Idaho’s Secretary of State Physically Recounted The Vote To Prove Mike Lindell Wrong. Lindell’s Still Not Convinced.

My Pillow CEO Michael Lindell laughs during a Ò"Keep Iowa Great" press conference in Des Moines, IA, on February 3, 2020. (Photo by JIM WATSON / AFP) (Photo by JIM WATSON/AFP via Getty Images)
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September 30, 2021 4:41 p.m.

Mike Lindell, the pillow magnate who’s sunk months and millions of dollars into pushing the false claim that the 2020 election was stolen, is now officially a thorn in the side of multiple Republican secretaries of state.

Earlier this month, Lindell had a friendly meeting and photo-op with Alabama’s Republican secretary of state and governor — before announcing on his television show his belief that, actually, 100,000 votes in the state had been “flipped,” leaving Secretary of State John Merrill scrambling to correct the record.

Now, in response to separate Lindell allegations, Idaho’s Republican secretary of state has sent teams to physically recount the vote totals in two small counties — both times reaffirming the official winner — and is scheduled to recount certain precincts in a third county this weekend. 

Of course, the recounts have not found any evidence of votes “flipped,” as Lindell claims. 

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Informed of the results over the phone Thursday by TPM, the deep-pocketed bedding entrepreneur wasn’t convinced.

“Now, is there a chance that this number that was extrapolated for this particular county would be wrong?” he asked, referring to his assertions about Butte County, one of the counties reviewed by Idaho Secretary of State Lawerence Denney’s (R) office. “It’s never happened before but I’m not saying it’s impossible for one to be off.” 

In a press release, Denney’s office said they picked Butte and another county, Camas, to recount after learning that Lindell had alleged “statewide manipulation of Idaho’s election results” in a document called “The Big Lie.”

“Once we had the document in hand, we immediately believed there was something amiss,” Chief Deputy Secretary Chad Houck said. “This document alleged electronic manipulation in all 44 counties. At least 7 Idaho counties have no electronic steps in their vote counting processes.” 

Butte and Camas are tiny counties, meaning recounting them was quick: The entire process for each county was recorded and posted on YouTube. 

In Butte, the original official canvas showed 1,202 votes for Trump and 188 for Biden. Lindell asserted that Trump really won 1,260 to 130, and cited complex mathematical formulas and web traffic. The official result, he said, reflected 116 “flipped” votes.

But the recount, the results of which were announced Wednesday, found 1,193 votes for Trump and 188 for Biden. The nine votes that Trump lost, the secretary of state said, “was likely attributed to the thermal printed ballots that come from assisted voter terminals, which are the same size as the absentee envelopes contained in the same storage boxes.” 

In Camas County, the original canvas showed Trump winning 507 to 149. The recount showed a one-vote difference, with Trump winning 508 to 149.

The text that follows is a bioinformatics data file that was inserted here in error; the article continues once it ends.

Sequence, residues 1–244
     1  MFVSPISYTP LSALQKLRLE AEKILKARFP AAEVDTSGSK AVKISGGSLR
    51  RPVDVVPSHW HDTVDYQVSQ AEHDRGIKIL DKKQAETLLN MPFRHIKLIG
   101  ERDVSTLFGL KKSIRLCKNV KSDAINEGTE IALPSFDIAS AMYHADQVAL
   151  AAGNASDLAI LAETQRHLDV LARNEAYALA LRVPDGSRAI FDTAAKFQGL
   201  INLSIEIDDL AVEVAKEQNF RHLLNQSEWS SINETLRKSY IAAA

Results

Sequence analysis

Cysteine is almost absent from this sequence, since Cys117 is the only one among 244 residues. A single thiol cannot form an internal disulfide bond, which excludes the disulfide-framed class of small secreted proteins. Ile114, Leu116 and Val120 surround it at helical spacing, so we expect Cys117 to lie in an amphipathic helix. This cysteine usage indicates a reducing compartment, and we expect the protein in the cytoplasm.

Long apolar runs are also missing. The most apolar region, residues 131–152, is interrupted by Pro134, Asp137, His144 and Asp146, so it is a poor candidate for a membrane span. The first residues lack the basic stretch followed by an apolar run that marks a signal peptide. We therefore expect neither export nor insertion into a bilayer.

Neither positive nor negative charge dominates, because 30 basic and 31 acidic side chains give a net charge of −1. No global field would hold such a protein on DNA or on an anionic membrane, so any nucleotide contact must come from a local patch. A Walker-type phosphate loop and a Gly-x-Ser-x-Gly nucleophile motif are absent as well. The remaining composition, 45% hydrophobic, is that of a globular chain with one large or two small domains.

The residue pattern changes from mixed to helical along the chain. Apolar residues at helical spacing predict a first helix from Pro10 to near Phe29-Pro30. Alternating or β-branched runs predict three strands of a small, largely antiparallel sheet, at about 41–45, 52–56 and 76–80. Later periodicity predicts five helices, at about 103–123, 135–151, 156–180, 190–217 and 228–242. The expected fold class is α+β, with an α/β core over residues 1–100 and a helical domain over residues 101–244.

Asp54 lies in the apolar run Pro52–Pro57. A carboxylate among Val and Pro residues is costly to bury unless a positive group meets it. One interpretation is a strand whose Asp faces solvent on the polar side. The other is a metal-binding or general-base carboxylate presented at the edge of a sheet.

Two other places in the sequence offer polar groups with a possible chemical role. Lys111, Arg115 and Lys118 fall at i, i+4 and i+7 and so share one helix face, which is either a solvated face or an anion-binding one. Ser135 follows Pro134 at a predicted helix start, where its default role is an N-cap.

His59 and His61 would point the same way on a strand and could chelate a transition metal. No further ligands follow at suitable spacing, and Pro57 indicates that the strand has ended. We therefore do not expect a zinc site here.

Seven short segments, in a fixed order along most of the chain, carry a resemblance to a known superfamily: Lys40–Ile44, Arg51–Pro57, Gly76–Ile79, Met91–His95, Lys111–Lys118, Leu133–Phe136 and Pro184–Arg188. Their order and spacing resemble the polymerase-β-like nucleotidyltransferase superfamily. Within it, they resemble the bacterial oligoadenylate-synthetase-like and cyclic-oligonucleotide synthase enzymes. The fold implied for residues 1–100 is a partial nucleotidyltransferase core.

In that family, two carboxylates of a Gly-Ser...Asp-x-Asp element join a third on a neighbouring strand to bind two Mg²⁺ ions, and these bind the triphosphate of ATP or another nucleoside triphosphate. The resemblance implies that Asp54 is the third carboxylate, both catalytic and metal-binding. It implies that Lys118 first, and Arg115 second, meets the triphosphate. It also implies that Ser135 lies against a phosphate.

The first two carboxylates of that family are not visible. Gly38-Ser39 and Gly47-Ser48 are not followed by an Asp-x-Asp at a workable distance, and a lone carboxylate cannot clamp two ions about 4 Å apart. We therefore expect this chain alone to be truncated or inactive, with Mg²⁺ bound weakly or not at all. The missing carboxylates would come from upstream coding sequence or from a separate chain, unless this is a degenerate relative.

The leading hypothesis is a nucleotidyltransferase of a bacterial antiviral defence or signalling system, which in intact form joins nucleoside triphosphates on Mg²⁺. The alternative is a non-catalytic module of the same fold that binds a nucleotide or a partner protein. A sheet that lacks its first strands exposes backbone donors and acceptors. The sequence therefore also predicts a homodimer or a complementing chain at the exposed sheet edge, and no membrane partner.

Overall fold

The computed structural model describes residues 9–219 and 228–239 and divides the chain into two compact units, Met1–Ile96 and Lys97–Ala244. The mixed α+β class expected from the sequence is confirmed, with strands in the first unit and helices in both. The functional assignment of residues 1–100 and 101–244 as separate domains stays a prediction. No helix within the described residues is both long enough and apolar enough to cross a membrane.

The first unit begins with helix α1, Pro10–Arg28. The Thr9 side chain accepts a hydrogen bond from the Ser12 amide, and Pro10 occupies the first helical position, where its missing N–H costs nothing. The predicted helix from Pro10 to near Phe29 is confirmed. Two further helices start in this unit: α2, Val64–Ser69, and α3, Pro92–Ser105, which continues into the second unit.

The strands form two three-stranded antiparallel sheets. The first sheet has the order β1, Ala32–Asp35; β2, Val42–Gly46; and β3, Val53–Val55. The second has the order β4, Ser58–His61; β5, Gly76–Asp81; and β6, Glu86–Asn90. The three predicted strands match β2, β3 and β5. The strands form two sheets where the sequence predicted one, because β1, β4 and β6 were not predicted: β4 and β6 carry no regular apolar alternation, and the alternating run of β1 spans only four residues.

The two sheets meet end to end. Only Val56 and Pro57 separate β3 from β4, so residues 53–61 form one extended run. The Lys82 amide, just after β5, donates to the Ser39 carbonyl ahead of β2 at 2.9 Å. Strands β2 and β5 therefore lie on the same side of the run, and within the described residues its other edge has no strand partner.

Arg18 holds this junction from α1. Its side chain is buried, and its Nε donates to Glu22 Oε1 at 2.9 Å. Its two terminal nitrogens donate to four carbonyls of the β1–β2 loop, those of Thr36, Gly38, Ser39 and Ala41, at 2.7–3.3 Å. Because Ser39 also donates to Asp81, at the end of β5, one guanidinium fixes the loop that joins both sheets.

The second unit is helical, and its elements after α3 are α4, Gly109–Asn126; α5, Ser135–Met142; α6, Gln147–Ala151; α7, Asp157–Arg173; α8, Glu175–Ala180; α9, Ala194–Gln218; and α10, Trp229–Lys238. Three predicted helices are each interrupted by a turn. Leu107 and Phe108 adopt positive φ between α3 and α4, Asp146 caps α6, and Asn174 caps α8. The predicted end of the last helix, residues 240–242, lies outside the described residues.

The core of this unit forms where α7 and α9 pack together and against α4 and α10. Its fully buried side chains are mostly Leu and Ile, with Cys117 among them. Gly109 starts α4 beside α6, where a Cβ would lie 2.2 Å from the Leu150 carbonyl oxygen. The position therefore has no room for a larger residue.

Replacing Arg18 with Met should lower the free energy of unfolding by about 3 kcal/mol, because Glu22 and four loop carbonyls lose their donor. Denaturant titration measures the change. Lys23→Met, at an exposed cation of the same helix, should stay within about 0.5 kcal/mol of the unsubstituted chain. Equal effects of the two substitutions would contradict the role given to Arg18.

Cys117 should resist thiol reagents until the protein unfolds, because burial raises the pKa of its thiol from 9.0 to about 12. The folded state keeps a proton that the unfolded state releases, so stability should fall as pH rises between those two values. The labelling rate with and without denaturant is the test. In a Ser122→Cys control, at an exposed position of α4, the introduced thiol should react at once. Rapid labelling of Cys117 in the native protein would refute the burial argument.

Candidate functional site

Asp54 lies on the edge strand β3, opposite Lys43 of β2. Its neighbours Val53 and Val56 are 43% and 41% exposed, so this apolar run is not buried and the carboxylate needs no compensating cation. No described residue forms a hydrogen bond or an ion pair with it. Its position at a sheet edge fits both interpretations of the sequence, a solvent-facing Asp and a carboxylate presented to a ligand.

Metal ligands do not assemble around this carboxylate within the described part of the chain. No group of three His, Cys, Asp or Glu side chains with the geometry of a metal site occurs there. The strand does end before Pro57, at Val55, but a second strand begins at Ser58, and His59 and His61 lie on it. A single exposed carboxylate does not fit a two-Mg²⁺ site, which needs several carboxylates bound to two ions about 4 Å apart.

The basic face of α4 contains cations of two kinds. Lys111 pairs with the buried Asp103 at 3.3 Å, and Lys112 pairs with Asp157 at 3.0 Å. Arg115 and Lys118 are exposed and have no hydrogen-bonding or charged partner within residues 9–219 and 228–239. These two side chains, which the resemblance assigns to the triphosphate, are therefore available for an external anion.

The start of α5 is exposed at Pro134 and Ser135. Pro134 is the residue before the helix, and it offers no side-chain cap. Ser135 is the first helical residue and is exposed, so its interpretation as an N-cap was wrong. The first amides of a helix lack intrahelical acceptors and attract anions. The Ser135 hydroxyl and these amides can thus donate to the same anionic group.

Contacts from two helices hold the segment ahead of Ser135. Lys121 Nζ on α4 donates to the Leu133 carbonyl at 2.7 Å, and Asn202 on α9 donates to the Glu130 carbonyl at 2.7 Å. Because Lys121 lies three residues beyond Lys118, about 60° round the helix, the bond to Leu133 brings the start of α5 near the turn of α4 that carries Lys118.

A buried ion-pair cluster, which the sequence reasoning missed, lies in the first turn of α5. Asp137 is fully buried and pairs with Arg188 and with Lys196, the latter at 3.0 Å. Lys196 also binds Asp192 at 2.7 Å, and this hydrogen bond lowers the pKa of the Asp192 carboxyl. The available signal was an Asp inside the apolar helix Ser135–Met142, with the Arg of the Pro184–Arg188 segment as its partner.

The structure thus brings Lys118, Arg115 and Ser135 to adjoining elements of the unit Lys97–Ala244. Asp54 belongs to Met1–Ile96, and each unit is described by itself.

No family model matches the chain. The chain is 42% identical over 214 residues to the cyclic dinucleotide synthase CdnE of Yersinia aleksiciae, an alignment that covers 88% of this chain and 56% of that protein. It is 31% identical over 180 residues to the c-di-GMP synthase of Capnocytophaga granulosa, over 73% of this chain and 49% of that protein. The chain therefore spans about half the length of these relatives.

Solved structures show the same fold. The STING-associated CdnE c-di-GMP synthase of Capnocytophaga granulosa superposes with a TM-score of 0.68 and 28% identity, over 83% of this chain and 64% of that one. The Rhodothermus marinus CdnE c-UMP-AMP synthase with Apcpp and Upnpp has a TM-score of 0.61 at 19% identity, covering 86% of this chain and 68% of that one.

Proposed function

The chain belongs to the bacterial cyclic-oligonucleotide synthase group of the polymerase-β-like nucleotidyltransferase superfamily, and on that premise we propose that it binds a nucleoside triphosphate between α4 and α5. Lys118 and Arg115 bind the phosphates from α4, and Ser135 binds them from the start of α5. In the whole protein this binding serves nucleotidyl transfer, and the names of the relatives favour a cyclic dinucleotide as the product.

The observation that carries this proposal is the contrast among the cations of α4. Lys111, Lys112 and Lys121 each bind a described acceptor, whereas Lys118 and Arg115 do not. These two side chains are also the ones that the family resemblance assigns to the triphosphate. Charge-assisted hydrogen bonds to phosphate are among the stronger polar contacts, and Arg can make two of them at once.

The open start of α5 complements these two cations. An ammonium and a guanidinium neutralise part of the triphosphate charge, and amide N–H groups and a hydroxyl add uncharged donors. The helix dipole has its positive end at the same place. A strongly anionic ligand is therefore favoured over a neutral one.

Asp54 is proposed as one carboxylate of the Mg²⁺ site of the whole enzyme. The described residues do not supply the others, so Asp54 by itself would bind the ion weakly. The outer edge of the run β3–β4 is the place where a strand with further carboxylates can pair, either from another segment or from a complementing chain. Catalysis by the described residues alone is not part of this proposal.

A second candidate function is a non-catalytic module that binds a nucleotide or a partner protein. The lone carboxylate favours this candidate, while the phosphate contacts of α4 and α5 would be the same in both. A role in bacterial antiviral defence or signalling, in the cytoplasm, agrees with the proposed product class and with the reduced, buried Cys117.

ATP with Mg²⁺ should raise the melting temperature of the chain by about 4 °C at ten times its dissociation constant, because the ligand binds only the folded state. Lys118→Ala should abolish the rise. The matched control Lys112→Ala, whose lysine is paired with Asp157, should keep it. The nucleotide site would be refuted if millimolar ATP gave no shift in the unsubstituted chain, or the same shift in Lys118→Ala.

“This human error of 0.14% could easily have been in our own process, or on election day,” Houck said, “but it was well short of the supposed 54 vote difference alleged by the ‘Big Lie’ spreadsheet.”

Lindell, informed that each one of the county’s ballots had been individually recounted during a visit from the secretary of state’s office, in front of observers from both the Democratic and Republican parties, was incredulous.

“When they say they’re hand-counting, are they looking at the actual person’s vote?” he asked before suggesting that the ballots could be counterfeit or cast on behalf of dead voters or people who’d moved. 

“It’s more than just counting,” he said, adding later: “The ballots themselves are not real people.” 

Houck told TPM that the secretary of state’s office looked specifically at the allegations Lindell made in his “Big Lie” document — and found them to be false.

“The fact is what they’re calling the truth is a full-on fabrication, at least in Idaho,” Houck said.

Houck said he took the integrity of Idaho’s elections “personally,” and that Lindell would be free to visit the secretary’s office like any other member of the public.

But, he added, “we do operate on actual information and actual data and actual facts, not on theories. So if he wants to get into specific allegations, then we need to understand what evidence he’s basing his allegations on. Because so far we haven’t seen much.”

Like other prominent voices pushing falsehoods about the 2020 election — such as ex-Overstock.com CEO Patrick Byrne, who fundraised millions of dollars for the Maricopa County audit — Lindell’s wealth and large platform have made him a political force in his own right. 

In August, Lindell hosted a “Cyber Symposium” in Sioux Falls where he promised to present evidence, in the form of snapshots of internet traffic, that Chinese hackers had stolen the election for Joe Biden. Dozens of elected officials from around the country attended, but no such evidence was presented to the group. 

Lindell told TPM Thursday that he’d visited with state officials from Missouri, Florida, Wisconsin, Arizona, Texas, Ohio, Pennsylvania — “not necessarily secretary of states,” though, he noted.

He also said he’d planned to return to Alabama to meet again with Secretary of State John Merrill and his team. Lindell said he spent $30,000 to purchase a copy of the state’s voter rolls to analyze, and that he’d return soon to present his team’s findings. 

“He said to come back,” Lindell recalled. “I said, ‘We’re going to come back and show you everything.’” 

This post has been updated.

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